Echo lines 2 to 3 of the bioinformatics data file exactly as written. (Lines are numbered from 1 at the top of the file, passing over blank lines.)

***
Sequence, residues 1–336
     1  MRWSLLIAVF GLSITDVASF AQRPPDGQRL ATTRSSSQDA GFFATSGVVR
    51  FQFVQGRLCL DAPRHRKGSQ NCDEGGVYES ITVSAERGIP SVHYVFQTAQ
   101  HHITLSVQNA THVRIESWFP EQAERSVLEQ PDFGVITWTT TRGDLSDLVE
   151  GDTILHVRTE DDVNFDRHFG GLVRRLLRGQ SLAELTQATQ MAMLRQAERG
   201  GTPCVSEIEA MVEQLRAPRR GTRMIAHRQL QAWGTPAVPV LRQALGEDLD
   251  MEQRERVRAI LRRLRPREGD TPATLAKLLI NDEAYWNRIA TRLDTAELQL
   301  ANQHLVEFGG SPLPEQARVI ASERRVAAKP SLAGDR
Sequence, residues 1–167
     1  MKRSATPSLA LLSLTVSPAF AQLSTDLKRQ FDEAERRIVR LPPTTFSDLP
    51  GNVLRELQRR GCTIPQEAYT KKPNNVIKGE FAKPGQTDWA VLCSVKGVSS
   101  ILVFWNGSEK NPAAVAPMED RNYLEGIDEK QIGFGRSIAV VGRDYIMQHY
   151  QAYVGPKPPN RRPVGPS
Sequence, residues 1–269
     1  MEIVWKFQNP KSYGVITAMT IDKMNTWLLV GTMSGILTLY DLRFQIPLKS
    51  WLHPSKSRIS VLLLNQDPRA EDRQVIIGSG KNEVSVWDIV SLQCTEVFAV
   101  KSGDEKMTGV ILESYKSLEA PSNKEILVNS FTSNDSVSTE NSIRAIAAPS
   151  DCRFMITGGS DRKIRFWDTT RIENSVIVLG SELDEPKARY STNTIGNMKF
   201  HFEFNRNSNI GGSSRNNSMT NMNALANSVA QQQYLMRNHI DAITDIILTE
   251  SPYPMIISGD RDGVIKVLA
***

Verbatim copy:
     1  MRWSLLIAVF GLSITDVASF AQRPPDGQRL ATTRSSSQDA GFFATSGVVR
    51  FQFVQGRLCL DAPRHRKGSQ NCDEGGVYES ITVSAERGIP SVHYVFQTAQ